I don’t like spoiling plots, and I don’t really feel like I can say much more without ruining the experience for y’all. But, based on the book description it’s pretty obvious that Neve and Jonny meet up and help one another through this difficult stage in their lives. Readers who enjoyed The Fault in Our Stars and/or Somebody Up There Hates You should definitely check out Instructions for a Second-Hand Heart. Murray’s depiction of chronic illness and the stages of grief were spot-on, and this bitter-sweet romance is sure to stick with readers long after they turn the last page.
Contrary to popular belief, heroes are not always perfectly behaved and villains are not always evil. In fact, heroes sometimes act out of spite or self-interest, and villains sometimes act selflessly to help other people. In this story, both the Renegades and the Anarchists are comprised of prodigies — people with special powers, much like the X-Men — but their vastly different ideologies have placed them on opposite sides of the hero-villain spectrum. The Anarchists honestly believe that society would fare better without so much governmental oversight and interference, i.e. with anarchy. The Renegades, on the other hand, think that they are doing society a favor by overseeing everyone and bringing back law and order. Though both sides think their way would be best for the greater good, neither side seems capable of seeing the other side’s point of view.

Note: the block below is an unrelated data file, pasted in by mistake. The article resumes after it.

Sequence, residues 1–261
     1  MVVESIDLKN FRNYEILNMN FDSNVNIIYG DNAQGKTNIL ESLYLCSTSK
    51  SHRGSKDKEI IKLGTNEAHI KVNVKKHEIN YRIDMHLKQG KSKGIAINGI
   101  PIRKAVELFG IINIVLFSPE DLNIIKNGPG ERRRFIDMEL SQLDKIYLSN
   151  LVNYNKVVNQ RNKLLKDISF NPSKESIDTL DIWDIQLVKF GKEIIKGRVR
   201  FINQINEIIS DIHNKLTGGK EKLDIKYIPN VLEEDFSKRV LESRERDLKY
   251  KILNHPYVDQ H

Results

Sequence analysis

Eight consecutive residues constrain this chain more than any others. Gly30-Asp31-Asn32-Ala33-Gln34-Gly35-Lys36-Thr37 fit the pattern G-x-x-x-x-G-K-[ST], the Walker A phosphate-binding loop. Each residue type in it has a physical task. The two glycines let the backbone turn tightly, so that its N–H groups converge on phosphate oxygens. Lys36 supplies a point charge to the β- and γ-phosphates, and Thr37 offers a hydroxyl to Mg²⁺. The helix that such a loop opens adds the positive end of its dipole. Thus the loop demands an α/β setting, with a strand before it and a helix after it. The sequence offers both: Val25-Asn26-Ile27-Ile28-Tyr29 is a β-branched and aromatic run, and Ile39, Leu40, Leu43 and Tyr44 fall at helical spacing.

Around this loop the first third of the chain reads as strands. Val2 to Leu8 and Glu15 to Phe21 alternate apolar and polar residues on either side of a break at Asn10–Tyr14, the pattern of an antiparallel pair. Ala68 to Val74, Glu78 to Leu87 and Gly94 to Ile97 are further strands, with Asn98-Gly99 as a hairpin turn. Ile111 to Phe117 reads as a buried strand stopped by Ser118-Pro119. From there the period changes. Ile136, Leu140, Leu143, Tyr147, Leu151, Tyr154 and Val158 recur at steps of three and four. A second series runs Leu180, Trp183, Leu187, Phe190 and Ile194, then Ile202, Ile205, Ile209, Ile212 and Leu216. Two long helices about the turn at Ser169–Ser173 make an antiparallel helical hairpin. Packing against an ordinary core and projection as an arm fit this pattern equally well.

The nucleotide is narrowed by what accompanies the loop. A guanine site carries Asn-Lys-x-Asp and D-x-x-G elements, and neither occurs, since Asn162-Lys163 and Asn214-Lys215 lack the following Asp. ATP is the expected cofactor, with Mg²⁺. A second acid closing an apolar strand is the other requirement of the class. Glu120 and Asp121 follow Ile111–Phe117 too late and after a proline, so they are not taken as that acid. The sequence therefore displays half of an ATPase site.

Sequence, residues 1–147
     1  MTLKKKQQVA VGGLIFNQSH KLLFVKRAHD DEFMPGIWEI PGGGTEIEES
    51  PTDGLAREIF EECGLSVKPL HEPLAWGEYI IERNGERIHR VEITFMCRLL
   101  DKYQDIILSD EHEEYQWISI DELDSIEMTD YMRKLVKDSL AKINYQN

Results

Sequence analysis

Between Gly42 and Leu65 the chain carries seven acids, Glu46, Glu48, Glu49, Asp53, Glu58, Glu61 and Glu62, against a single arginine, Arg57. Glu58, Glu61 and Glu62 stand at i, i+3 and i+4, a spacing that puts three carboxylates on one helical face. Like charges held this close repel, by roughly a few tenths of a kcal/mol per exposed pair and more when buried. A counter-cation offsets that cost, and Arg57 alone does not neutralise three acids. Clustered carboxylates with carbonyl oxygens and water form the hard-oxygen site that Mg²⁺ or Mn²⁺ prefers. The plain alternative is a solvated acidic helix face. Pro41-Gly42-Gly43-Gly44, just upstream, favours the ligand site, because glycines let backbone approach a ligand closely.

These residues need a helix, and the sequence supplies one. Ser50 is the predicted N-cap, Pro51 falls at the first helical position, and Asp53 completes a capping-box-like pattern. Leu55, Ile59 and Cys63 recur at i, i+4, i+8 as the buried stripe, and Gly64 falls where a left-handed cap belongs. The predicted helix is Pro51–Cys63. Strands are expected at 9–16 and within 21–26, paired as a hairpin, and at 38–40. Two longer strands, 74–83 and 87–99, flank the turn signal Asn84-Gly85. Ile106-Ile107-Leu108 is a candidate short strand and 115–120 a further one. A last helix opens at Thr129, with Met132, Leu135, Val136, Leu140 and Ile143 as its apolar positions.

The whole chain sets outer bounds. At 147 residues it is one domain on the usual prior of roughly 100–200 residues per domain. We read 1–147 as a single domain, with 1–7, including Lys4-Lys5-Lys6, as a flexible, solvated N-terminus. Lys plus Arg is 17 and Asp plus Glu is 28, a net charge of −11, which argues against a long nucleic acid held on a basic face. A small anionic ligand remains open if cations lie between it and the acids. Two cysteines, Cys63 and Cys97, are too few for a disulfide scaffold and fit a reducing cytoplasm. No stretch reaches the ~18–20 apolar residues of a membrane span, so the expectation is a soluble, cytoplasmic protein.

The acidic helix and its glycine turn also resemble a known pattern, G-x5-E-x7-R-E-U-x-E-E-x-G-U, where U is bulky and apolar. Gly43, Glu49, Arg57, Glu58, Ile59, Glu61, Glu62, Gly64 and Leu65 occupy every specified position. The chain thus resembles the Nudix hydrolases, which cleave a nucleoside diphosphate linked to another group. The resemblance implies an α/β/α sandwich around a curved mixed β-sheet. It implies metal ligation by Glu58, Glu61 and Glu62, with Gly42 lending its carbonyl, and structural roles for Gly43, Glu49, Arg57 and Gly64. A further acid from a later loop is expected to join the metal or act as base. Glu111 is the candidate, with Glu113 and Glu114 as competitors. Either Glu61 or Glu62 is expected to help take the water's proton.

Enter Nova, aka Nightmare.
Nova was raised by her Uncle Ace [the leader of the Anarchists] after the Renegades failed to protect her family. Nova has been consumed by a desire to avenge their deaths for as long as she can remember, but none of her plans seem to work out. Luckily, the Anarchists have an alternate plan that just might work. Because the Renegades don’t know Nightmare’s true identity, the Anarchists decide to send Nova to Renegade try-outs so that they can use her to gather intel and take down the Renegades from the inside. Of course, it doesn’t take long for Nova, who takes on the Renegade name of Insomnia, to start to feel conflicted. Not only does she start to fall for a guy who is a part of the Renegades, but she starts to see *why* the Renegades operate the way they do and that their methods actually have some merit to them. What’s a girl to do?!?
Nell has always been an overachiever. Whether training hard so her team could advance to and win the state volleyball championship or studying hard to become her class valedictorian, Nell has always given her all. And that was why she couldn’t stand Jackson Hart. He never seemed to try nearly as hard, but he always got what he wanted. Jackson was the captain of his baseball team, one of the most popular guys at school, AND he was beating her by a fraction of a percentage in the class rankings. Not only that, but Jackson came from money, and she only attended their elite prep school because her mother was the principal. Talk about opposites! But, as the saying goes, opposites attract. Nell had always been frustrated by the fact that no one else could seem to see past his charming exterior to recognize the slime ball that he was inside. Until even she started to fall for his charms. And she fell hard… But then she began to suspect that their relationship might be just another of Jackson’s games. And, if it *was* a game, Nell was determined to win.